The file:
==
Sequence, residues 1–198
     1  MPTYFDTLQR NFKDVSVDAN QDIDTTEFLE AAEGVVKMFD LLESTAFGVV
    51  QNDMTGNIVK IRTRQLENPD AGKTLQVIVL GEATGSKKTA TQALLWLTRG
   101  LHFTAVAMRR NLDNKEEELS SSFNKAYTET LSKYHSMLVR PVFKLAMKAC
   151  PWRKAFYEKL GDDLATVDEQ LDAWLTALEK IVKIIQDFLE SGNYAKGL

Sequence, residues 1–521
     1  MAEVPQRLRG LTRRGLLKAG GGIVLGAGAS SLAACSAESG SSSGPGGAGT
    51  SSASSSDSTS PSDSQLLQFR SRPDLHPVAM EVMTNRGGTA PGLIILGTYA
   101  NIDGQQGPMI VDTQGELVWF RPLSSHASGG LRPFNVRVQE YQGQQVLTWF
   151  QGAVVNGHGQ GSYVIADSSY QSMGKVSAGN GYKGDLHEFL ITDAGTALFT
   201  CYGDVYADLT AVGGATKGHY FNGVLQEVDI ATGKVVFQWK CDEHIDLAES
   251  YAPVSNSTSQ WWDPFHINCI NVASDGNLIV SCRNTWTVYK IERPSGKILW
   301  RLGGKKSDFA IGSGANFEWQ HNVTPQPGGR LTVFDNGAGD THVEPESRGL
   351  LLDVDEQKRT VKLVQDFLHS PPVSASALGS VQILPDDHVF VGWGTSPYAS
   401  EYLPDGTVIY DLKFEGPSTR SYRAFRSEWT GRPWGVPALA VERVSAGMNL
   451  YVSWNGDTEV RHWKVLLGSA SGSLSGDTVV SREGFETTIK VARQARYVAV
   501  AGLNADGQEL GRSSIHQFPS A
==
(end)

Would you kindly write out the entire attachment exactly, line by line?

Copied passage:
Sequence, residues 1–198
     1  MPTYFDTLQR NFKDVSVDAN QDIDTTEFLE AAEGVVKMFD LLESTAFGVV
    51  QNDMTGNIVK IRTRQLENPD AGKTLQVIVL GEATGSKKTA TQALLWLTRG
   101  LHFTAVAMRR NLDNKEEELS SSFNKAYTET LSKYHSMLVR PVFKLAMKAC
   151  PWRKAFYEKL GDDLATVDEQ LDAWLTALEK IVKIIQDFLE SGNYAKGL

Sequence, residues 1–521
     1  MAEVPQRLRG LTRRGLLKAG GGIVLGAGAS SLAACSAESG SSSGPGGAGT
    51  SSASSSDSTS PSDSQLLQFR SRPDLHPVAM EVMTNRGGTA PGLIILGTYA
   101  NIDGQQGPMI VDTQGELVWF RPLSSHASGG LRPFNVRVQE YQGQQVLTWF
   151  QGAVVNGHGQ GSYVIADSSY QSMGKVSAGN GYKGDLHEFL ITDAGTALFT
   201  CYGDVYADLT AVGGATKGHY FNGVLQEVDI ATGKVVFQWK CDEHIDLAES
   251  YAPVSNSTSQ WWDPFHINCI NVASDGNLIV SCRNTWTVYK IERPSGKILW
   301  RLGGKKSDFA IGSGANFEWQ HNVTPQPGGR LTVFDNGAGD THVEPESRGL
   351  LLDVDEQKRT VKLVQDFLHS PPVSASALGS VQILPDDHVF VGWGTSPYAS
   401  EYLPDGTVIY DLKFEGPSTR SYRAFRSEWT GRPWGVPALA VERVSAGMNL
   451  YVSWNGDTEV RHWKVLLGSA SGSLSGDTVV SREGFETTIK VARQARYVAV
   501  AGLNADGQEL GRSSIHQFPS A